"Well break your nose if you call me that again." Always a fighter, even with those she adores.

Laughing softly in reply, Tom shows her a smallish, narrow yellow chip. "There it is."

"What?" She's curious.

"Our honeymoon." He speaks longingly, tenderly. And yet, he sounds resigned to what appears to be a certain fate.

(Break out the Kleenex boxes)

"Tell me," she says, a little girl waiting for a bedtime story from her handsome prince.

Holding out this dream for her to touch, he begins. "Six days and seven the historic Graystone Hotel in beautiful downtown Chicago, circa 1928." His face is a case study in transparent emotions: longing, tenderness, sorrow, love. "Uh, wait till you see it--crystal chandeliers, wall-to-wall Italian marble. We'll take a drive up Michigan Avenue in a vintage Duesenberg, hobnob with the stars of the silver screen, dance the Charleston at a genuine speakeasy called the Green Mill."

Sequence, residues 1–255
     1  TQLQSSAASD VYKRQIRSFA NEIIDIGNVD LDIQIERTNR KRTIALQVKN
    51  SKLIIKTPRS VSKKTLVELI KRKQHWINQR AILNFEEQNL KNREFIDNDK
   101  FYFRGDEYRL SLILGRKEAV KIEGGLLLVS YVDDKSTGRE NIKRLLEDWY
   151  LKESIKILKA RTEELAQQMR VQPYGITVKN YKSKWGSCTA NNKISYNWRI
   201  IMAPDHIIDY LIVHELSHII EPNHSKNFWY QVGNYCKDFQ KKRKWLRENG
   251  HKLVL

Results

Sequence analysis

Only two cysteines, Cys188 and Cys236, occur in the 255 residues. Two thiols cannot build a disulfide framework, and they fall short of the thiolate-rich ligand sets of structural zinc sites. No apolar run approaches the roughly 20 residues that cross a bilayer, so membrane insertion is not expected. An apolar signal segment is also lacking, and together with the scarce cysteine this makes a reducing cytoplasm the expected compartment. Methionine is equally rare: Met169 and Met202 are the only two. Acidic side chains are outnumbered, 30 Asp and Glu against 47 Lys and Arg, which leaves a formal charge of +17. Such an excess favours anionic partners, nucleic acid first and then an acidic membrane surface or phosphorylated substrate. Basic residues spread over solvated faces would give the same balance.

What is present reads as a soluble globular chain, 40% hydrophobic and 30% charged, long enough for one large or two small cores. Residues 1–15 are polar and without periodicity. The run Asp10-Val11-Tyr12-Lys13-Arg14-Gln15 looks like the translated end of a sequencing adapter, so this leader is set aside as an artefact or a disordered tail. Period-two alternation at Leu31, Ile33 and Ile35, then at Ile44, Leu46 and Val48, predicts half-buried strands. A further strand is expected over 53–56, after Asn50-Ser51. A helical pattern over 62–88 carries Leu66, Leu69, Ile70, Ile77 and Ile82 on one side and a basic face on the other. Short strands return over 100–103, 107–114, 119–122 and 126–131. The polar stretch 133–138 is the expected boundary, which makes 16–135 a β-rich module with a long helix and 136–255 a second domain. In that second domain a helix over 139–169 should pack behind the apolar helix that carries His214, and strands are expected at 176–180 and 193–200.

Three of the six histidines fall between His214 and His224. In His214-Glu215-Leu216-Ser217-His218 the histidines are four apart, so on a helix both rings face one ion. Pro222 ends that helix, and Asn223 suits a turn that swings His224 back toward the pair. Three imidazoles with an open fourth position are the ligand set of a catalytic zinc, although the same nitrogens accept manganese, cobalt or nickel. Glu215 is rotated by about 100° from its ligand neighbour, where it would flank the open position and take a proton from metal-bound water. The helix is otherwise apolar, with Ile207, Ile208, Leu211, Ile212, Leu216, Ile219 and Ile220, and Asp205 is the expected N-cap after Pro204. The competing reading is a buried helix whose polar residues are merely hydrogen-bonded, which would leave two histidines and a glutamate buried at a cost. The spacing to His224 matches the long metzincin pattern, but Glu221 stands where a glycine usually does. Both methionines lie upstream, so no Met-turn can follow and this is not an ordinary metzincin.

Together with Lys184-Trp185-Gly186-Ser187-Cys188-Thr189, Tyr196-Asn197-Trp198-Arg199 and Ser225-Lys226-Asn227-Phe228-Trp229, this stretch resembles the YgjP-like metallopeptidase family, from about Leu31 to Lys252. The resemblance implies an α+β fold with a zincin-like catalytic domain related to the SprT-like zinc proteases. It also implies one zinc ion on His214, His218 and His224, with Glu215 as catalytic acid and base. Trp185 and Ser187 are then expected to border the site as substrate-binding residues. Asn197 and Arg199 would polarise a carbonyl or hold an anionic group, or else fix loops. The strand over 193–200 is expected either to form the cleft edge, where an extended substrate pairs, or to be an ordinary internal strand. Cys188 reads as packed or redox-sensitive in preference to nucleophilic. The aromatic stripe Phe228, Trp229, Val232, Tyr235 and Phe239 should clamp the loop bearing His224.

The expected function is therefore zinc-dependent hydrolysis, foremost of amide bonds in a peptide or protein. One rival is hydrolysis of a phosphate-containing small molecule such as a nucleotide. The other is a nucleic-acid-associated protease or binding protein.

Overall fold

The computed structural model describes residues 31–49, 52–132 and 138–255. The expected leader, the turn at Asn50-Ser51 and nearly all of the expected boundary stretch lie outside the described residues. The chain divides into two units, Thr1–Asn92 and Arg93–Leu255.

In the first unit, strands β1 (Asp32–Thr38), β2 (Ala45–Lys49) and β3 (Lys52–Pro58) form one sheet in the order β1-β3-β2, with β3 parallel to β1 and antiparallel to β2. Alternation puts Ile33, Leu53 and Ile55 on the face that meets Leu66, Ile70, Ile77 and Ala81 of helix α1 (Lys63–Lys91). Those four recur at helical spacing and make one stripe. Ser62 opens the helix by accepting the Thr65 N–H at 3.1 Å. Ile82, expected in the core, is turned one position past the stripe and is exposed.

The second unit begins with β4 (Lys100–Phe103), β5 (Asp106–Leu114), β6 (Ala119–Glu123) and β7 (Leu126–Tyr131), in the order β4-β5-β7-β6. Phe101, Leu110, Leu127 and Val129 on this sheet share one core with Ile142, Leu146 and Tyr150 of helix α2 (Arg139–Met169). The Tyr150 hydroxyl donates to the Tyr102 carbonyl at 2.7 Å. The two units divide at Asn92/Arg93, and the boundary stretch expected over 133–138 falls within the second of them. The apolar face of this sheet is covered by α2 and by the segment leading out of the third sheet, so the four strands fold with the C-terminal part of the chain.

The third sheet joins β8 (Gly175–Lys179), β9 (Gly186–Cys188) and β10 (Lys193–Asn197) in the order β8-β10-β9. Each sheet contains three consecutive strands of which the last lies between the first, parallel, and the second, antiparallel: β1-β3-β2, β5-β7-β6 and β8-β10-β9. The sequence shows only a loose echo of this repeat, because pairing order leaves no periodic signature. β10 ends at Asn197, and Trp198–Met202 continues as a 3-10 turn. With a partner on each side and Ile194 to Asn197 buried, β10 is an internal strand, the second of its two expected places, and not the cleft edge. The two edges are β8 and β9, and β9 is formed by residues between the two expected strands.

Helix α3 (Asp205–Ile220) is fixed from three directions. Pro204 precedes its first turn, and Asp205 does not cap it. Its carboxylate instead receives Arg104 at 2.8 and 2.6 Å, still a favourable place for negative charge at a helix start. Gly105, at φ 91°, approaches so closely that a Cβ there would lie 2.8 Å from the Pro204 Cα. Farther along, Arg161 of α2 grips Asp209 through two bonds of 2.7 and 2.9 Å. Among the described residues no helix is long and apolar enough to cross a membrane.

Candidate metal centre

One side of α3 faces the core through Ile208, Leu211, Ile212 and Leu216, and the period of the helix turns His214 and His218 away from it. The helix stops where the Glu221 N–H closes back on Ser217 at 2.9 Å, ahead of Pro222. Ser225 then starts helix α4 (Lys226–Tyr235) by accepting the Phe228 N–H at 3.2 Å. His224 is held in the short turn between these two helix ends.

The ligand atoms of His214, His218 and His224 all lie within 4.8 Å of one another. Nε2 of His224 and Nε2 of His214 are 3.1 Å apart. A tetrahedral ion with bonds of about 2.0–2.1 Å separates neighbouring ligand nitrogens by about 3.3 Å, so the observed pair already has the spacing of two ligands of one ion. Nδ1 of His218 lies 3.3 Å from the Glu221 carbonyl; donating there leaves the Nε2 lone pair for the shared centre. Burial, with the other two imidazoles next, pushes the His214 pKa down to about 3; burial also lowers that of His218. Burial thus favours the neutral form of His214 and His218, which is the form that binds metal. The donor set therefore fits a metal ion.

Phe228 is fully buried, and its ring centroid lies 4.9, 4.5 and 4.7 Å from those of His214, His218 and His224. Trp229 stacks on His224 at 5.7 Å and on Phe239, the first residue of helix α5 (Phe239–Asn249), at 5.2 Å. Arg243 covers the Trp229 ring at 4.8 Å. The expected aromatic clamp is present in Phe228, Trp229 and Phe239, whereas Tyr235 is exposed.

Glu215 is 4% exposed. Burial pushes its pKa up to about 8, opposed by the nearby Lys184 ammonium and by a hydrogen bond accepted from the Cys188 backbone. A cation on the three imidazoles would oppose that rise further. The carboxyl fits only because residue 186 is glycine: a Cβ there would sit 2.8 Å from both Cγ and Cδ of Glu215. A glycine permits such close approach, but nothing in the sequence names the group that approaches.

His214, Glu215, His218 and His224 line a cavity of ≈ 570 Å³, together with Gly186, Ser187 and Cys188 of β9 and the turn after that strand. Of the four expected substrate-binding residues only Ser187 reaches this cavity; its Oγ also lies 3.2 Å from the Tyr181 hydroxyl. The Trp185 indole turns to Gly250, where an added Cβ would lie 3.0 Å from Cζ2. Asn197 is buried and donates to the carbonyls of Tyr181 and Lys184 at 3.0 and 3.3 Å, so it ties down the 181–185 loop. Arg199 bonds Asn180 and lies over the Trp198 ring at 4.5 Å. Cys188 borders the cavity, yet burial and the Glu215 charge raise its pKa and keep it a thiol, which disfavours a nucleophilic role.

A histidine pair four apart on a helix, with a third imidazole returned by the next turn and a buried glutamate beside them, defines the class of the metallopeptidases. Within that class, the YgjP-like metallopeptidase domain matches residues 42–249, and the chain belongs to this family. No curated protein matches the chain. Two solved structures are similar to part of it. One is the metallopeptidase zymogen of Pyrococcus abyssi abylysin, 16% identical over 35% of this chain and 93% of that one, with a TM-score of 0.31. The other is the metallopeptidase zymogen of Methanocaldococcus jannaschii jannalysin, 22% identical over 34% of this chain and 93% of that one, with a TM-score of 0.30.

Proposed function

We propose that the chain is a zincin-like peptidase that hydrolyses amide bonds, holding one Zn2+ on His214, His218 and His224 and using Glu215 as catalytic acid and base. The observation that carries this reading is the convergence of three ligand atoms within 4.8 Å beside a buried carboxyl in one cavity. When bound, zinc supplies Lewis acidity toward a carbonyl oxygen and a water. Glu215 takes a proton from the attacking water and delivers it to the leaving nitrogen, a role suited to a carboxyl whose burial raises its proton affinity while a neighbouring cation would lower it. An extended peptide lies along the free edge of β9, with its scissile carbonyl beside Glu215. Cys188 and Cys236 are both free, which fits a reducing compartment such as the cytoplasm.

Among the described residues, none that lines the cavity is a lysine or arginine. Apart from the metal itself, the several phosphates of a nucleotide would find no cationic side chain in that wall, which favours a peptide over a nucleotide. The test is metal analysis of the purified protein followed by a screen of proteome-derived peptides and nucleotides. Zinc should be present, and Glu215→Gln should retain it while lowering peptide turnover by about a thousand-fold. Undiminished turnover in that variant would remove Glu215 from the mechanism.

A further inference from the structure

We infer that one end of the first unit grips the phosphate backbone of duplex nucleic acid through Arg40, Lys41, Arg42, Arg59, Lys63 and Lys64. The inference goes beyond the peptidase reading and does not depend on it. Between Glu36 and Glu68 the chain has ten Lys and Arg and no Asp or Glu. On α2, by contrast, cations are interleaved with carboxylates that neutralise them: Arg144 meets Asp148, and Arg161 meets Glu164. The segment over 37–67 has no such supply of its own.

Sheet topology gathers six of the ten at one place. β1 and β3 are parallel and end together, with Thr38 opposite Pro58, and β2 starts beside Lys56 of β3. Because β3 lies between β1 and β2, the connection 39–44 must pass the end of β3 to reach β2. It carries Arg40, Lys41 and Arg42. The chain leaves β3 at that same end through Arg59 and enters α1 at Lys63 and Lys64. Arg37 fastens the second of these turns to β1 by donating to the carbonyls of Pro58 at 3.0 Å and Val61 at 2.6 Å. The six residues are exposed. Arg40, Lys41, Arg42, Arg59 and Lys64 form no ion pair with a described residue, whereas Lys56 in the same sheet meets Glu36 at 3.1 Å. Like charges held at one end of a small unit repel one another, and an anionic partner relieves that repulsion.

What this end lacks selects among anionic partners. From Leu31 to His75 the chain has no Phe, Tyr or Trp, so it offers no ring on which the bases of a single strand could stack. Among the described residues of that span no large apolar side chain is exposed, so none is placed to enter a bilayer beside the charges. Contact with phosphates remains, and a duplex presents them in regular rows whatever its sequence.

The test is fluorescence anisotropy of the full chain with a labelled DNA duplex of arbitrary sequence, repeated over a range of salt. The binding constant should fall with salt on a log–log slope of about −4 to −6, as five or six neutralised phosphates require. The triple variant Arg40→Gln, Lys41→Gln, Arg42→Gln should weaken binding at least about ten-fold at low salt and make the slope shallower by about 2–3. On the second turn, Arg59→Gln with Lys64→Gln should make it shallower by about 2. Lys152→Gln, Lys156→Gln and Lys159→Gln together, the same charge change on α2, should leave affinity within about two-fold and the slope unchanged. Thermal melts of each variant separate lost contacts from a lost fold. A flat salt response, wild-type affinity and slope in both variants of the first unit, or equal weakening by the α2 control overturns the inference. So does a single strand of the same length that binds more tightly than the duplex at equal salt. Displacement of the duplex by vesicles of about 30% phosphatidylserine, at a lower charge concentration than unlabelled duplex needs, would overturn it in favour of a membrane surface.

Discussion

Listening to the fantasy being spun by her husband, B'Elanna asks softly, "What do I wear?"

Tom smiles gently. He has every detail planned. "That's already taken care of. Our bags are packed and waiting for us at the hotel."

She sighs weakly, losing her tenuous connection with life as each second passes. But she continues dreaming. "Champagne?"

"It's on a silver bucket...right next to our canopy bed." Hold on B'Elanna, his eyes plead. Hold on….

Softly, without drama, her eyes flutter shut.

An alarm sounds.

You don't have to be an E.R. fan to know what this means. Code Blue.

Terrified, Tom calls out, "Doctor?!?"

Doc jumps into action. "Cortical stimulator. Initiate an iso-synaptic pulse."

Tom complies.